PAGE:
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P569 A national, retrospective, observational study on the use of 5-aminosalicylates (5-ASA) in Crohn’s disease (CD)

A. Hart1, S. C. Ng2, S. Ghosh3, J. Watkins4,5, J. Fullarton6, K. Paridaens*7

1St Mark's Hospital, Harrow, UK, 2The Chinese University of Hong Kong, Department of Medicine and Therapeutics, Hong Kong, Hong Kong, 3University of Birmingham, Birmingham, UK, 4Public Health Wales, Cardiff, UK, 5University of Cardiff, Cardiff, UK, 6Strategen Limited, Basingstoke, UK, 7Ferring International Center, St-Prex, Switzerland

Background

5-ASA is an established first-line therapy for CD, though there are few recent studies on its use in routine clinical practice. The aim of this database investigation was to provide real-world evidence on the use of 5-ASA utilising data from the UK Clinical Practice Research Datalink (CPRD).

Methods

Adult patients (aged ≥18) at the time of first prescription of 5-ASA (index date) with a diagnosis of CD, having been prescribed a 5-ASA at any time between 01 January 2006 and 07 May 2018, were included for analysis. Outcomes included continuation rates, treatment patterns, and resource use.

Results

Of 21456 patients with CD, 9492 (44.2%) had been prescribed 5-ASA, with the majority (5761; 60.7%) starting on oral 5-ASA as monotherapy (Table). Of the total population on 5-ASA, 58.3% (5537) did not require a dose change, 67.6% (6416) did not require supplementary treatment (eg, corticosteroids, immunosuppressants, etc.) during 5-ASA treatment, and 4.6% (436) required a switch to another treatment. Resource use was significantly decreased in the year after 5-ASA initiation compared with the year before 5-ASA initiation (specialist referrals [285 vs. 110], hospitalisations [2475 vs. 1567] and hospitalisation days [19645 vs. 11574]; [all p < 0.001]). Significantly fewer patients required GI surgery during 5-ASA treatment than before treatment (5.3% [501] vs. 7.6% [721]; p < 0.001). In this type of study potential confounding factors, such as evolution or modification of the disease by treatment, are likely to be present and need to be considered. Patients remained on 5-ASA for a mean of 6.4 years (SD 6.1; median 4.7 years, IQR 1.2–10.1) before discontinuation. 77.4% (7347) of patients were still on 5-ASA at year 1, 68.1% (6464) at year 2, 48.5% (4604) at year 5, and 25.5% (2416) at 10 years. Longer retention on 5-ASA was associated with: a shorter time from CD diagnosis to first 5-ASA script (correlation: p < 0.001); use of an oral 5-ASA formulation at initiation (correlation: tablets: p < 0.001; granules: p = 0.008); and dose optimisation (increase: 89.3 months, decrease: 111.4 months vs. 45.5 months for no change; both p < 0.001).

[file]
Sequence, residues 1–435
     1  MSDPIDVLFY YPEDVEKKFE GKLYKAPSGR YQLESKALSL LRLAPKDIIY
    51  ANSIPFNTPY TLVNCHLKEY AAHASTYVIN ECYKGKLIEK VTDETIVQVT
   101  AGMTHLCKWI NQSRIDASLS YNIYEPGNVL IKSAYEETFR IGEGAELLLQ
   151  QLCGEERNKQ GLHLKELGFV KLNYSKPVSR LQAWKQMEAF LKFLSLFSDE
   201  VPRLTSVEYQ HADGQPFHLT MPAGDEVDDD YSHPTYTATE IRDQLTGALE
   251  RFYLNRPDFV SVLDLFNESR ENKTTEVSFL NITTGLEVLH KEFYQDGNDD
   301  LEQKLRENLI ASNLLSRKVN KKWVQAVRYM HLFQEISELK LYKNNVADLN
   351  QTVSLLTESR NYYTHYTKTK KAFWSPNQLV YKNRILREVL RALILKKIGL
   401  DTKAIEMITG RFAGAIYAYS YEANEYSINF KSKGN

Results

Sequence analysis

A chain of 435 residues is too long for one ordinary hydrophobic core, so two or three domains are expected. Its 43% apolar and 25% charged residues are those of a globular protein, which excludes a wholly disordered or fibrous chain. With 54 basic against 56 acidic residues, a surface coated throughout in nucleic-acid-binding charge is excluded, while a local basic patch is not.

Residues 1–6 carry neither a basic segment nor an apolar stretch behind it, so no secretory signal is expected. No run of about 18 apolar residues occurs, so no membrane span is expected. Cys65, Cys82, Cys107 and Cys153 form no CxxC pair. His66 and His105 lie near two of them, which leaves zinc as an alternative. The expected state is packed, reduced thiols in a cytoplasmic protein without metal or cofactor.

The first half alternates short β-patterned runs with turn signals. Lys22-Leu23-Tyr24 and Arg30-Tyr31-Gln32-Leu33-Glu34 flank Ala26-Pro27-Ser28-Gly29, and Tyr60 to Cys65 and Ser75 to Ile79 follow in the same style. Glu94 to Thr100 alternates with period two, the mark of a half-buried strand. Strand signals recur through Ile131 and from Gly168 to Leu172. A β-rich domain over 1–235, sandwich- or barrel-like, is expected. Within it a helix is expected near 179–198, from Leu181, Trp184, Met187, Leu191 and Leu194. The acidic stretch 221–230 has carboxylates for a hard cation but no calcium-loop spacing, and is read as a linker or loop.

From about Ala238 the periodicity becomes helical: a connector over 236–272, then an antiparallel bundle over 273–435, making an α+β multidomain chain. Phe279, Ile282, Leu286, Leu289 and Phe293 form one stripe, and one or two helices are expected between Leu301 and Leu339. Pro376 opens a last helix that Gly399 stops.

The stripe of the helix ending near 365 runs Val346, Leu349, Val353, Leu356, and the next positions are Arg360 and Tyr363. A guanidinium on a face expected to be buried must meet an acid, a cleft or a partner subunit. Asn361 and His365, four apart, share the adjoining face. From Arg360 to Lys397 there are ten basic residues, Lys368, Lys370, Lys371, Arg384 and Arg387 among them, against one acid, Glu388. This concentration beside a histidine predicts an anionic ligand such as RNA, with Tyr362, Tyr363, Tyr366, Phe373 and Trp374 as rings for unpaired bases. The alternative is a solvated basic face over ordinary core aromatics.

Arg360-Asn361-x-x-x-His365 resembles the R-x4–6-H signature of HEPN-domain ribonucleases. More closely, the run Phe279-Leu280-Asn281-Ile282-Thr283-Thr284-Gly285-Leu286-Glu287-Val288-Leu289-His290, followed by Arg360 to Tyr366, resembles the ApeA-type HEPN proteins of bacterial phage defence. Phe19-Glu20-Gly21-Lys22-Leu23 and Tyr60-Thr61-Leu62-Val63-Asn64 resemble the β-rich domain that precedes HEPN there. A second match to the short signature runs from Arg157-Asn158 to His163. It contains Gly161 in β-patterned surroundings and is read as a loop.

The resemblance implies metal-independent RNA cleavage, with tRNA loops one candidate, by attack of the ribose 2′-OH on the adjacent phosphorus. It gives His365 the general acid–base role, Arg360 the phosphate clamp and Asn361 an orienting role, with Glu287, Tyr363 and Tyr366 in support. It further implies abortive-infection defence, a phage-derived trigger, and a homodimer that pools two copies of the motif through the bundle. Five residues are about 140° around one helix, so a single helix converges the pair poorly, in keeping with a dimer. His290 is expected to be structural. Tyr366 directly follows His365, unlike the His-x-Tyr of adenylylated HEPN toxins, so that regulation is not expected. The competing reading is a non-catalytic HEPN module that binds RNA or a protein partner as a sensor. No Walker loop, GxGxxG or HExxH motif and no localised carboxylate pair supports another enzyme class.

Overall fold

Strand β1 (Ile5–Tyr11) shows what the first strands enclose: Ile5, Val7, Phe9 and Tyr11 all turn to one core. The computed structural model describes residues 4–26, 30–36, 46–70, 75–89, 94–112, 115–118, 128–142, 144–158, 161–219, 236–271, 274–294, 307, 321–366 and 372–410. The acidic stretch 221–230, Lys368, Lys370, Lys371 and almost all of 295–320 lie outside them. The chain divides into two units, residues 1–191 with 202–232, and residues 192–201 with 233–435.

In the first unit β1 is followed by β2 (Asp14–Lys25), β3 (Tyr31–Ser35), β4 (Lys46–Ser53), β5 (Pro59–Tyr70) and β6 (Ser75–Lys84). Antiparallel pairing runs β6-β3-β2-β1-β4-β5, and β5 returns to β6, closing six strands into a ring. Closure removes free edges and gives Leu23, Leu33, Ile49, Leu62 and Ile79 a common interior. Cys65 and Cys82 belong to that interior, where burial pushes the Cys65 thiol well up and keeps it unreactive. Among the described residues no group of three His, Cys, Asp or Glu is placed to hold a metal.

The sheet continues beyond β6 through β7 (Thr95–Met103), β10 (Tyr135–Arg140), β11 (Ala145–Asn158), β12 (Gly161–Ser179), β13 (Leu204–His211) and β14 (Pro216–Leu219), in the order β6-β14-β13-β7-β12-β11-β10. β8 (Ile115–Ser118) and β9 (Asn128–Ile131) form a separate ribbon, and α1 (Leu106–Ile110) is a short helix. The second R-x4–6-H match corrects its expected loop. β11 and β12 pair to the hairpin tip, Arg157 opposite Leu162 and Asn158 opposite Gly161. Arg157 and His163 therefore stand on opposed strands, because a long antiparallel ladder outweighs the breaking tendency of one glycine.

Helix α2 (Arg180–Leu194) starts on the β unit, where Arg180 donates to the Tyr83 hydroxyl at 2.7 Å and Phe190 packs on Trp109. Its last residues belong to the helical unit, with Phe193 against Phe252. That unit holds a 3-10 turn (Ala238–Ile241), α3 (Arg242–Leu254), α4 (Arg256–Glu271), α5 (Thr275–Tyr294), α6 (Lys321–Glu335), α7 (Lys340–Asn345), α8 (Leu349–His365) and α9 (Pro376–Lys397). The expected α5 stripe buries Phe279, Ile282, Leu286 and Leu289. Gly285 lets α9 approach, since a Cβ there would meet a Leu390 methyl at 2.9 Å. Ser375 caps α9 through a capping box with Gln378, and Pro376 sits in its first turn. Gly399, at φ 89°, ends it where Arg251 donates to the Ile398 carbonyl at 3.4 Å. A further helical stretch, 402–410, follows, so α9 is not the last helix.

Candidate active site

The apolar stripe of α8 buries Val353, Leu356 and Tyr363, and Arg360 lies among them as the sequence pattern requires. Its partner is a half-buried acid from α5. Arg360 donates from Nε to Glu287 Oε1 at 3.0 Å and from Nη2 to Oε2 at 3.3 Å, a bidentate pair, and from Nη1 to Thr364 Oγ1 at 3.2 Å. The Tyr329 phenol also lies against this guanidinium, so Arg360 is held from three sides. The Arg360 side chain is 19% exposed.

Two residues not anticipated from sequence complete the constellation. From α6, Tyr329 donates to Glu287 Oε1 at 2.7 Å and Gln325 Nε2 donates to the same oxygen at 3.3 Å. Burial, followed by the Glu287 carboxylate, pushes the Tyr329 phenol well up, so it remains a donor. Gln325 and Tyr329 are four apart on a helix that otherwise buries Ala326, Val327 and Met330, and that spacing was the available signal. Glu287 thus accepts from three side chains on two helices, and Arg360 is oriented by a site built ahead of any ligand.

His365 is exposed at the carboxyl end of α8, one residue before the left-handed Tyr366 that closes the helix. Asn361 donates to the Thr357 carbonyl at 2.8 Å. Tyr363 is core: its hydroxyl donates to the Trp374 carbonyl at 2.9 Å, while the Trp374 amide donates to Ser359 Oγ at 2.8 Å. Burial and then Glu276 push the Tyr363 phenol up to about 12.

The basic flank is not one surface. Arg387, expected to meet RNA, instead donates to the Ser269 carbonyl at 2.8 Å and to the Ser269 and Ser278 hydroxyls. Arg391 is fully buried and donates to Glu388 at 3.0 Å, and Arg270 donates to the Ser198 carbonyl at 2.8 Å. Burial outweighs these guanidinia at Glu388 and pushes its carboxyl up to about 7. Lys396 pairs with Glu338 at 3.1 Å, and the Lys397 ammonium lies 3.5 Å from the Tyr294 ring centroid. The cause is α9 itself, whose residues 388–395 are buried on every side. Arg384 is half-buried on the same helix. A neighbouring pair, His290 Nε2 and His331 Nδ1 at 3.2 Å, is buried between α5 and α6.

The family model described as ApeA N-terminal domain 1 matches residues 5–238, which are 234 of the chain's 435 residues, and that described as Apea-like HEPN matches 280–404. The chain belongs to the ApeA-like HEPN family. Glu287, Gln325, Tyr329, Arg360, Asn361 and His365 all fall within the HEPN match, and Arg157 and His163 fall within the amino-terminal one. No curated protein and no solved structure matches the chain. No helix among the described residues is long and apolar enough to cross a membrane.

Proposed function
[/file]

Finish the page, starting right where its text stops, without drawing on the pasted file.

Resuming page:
Conclusion

These data indicates that 5-ASA is used as a long-term treatment for CD, as evidenced by continuation rates extending beyond 10 years in a quarter of patients, and this is linked to relatively low levels of hospitalisations, surgery and supplementary treatments requirements. Moreover, patients that started 5-ASA earlier after diagnosis stayed on therapy significantly longer.